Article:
You guys, I’ve mentioned it a bit recently, but I’ve moved – again. Let me tell you the story. Settle in, because it could be a long post.
When I moved back to Sydney at the start of the year, I moved in with a couple of friends who needed someone to urgently fill a room. It was a great arrangement, and the timing couldn’t have been better. Over the next few months though, a couple of things started to grind my gears – my room was tiny. ‘Fun sized’ is probably the most endearing description. A friend (hey Lyss!) came to stay a couple of months ago and laughed out loud when she saw the size of my bedroom, thinking that I’d been joking about how small it was. But, I was not.
The second thing that was getting to me was the noise. The house was on a main road leading into the CBD, and the noise was unrelenting. There was no opportunity to get away from it. It was in an area of Sydney that’s not known as the safest – there’s been a lot of conflict and some violence in the area. It’s subsiding now, but the remnants remain. It wasn’t uncommon to be kept awake late into the night by the sound of arguments and fighting. The area didn’t feel particularly safe to me, especially as I’d be walking alone at night a lot, to and from the station, the grocery store, and the gym. (I do have to caveat this by saying that I grew up in a very safe neighbourhood where our closest neighbours were 250m away, there were no streetlights and zero traffic, so its possible I was in a bit of culture shock).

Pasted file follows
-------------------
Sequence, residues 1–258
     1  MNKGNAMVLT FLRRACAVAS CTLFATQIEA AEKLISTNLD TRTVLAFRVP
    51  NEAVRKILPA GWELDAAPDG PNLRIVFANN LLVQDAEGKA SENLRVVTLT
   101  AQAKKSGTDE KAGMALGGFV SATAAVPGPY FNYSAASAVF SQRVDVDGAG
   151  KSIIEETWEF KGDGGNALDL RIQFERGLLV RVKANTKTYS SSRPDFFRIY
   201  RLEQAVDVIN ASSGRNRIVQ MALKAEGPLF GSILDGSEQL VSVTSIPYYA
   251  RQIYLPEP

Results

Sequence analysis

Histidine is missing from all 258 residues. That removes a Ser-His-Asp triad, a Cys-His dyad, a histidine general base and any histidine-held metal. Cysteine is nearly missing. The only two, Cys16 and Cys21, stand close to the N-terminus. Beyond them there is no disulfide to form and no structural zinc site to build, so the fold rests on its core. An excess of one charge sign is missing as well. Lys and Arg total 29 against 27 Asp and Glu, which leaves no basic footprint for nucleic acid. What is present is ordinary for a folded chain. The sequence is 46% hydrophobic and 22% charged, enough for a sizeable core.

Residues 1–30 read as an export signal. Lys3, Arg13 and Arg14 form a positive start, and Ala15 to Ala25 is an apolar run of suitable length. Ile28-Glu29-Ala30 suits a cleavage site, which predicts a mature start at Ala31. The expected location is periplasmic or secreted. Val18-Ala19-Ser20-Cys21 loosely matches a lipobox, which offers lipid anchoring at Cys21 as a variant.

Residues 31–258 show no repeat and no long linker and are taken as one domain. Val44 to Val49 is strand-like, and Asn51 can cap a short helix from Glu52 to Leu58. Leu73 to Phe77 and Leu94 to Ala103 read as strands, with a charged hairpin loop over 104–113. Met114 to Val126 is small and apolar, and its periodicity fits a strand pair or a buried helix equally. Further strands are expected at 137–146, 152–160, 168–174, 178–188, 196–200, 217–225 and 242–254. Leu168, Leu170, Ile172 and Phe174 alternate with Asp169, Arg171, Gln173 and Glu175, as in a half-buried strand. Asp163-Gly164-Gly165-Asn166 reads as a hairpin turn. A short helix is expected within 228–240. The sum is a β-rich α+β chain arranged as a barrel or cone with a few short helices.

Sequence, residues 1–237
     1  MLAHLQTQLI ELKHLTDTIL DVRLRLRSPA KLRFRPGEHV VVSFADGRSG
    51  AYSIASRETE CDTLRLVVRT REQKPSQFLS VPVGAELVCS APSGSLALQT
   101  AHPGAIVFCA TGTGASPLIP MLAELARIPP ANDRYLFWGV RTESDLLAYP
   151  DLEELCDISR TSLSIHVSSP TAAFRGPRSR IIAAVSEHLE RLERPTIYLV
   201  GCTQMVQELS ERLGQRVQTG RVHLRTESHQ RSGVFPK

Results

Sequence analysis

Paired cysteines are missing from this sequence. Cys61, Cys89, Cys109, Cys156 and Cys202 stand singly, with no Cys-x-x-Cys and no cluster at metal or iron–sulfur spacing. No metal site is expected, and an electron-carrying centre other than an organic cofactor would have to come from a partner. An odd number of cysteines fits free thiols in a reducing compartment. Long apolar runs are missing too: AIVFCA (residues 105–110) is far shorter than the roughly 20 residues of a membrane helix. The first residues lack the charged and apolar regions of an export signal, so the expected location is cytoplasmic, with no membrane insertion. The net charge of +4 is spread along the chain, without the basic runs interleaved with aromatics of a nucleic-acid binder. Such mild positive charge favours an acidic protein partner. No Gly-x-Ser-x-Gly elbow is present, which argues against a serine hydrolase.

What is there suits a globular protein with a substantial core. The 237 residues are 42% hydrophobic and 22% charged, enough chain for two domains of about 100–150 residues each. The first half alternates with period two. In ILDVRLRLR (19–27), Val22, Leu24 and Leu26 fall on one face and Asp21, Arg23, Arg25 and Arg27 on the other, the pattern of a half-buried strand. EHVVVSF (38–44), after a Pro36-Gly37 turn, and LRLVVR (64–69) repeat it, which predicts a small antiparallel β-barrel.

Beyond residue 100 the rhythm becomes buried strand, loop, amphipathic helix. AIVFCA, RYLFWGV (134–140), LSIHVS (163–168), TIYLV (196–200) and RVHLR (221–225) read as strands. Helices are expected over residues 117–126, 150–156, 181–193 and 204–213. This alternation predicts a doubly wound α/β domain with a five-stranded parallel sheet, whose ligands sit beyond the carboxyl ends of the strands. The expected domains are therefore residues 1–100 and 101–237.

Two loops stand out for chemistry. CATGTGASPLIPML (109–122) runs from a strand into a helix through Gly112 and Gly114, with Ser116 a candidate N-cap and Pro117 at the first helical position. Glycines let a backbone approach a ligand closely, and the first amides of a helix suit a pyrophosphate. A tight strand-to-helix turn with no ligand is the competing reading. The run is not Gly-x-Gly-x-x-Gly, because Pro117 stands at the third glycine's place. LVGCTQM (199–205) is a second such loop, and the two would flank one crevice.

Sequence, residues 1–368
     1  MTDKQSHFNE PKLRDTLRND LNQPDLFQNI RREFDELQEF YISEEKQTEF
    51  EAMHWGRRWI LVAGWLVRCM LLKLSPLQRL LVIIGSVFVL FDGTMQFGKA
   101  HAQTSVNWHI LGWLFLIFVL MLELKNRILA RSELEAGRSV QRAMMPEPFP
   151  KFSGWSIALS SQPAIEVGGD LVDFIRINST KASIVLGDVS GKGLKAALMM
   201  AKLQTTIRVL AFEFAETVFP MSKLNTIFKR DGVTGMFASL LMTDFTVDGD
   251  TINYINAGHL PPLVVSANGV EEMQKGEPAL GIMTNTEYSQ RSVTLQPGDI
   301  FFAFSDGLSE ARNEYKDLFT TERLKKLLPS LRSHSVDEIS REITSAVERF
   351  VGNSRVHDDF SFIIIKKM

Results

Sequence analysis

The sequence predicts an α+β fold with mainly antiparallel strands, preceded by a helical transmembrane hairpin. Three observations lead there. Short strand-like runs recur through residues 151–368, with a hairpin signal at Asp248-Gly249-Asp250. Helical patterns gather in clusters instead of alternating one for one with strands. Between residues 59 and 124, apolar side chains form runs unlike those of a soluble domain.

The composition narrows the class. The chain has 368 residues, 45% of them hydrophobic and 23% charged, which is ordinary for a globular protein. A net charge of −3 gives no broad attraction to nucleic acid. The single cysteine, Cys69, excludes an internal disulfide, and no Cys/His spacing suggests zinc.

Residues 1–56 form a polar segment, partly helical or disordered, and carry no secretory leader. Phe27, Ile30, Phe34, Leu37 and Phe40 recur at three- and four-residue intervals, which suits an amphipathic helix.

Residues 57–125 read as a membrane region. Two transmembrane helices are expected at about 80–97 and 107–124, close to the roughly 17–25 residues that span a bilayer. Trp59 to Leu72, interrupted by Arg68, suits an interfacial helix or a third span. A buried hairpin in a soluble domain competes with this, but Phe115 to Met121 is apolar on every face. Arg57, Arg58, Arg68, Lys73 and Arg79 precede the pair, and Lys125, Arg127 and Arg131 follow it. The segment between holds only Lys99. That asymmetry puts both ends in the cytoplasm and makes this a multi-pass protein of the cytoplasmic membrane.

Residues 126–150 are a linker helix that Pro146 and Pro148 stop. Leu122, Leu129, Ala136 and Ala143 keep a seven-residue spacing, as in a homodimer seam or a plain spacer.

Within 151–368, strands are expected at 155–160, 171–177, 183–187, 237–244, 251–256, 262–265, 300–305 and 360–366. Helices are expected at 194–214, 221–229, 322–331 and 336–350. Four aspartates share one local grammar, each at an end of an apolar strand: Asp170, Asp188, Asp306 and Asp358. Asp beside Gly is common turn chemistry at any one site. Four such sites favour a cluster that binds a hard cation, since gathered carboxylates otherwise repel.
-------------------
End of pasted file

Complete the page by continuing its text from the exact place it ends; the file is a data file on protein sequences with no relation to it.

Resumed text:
The time to move came along, and the arrangements just fell into place. A good friend and former housemate of mine decided to move in with her bf, so her room needed filling. The house is beautiful, and in my favourite area of Sydney, so I decided almost sight unseen to take it. I moved in last week. I’m loving it so far, and I kind of feel like a different person.
Having lived in a lot of share houses over the last six or so years (that’s a lot of different housemates), there’s a few things I’ve come to learn and appreciate.
1// Your housemates are everything.
From houses that felt like they would blow over with a gust of wind, to tiny apartments where there’s no escaping anything, to homes in freezing cold places with no heating – your housemates are everything. So long as you’re good there, you’ll be fine in general.
2// Be honest with each other.
On that note, one of the most important things I’ve learned from sharing homes is to be really honest with the people you live with. Going through a rough time? Make sure your flatmates know. Got zero cash this week? Tell your housemates. Being honest is a major part of being respectful. The very best housemates I’ve had are the ones I’ve been totally honest with. I can’t stress this enough.
3// Your home impacts you more than you realise.
The location of my last house was affecting almost every aspect of my life, and not in a good way. Not only did I feel unsafe at times, but the noise and constant feeling of being on edge was affecting my sleep, which was in turn affecting my ability/want to exercise, my mood, my performance at work, my motivation and ability to blog, my general aura and my relationships. Not good.
Since moving to a much quieter but no less convenient location, I’ve noticed a huge difference in my quality of sleep and ability to relax. It’s only been a short while, but I’m calmer, I have more energy, I’m more motivated and not nearly as easily upset, irritated or frustrated. My attitude to so many things has improved and I really do think that a lot of this comes down to my new home.
So, here’s to moving, to new friends, and to finding a sense of home. x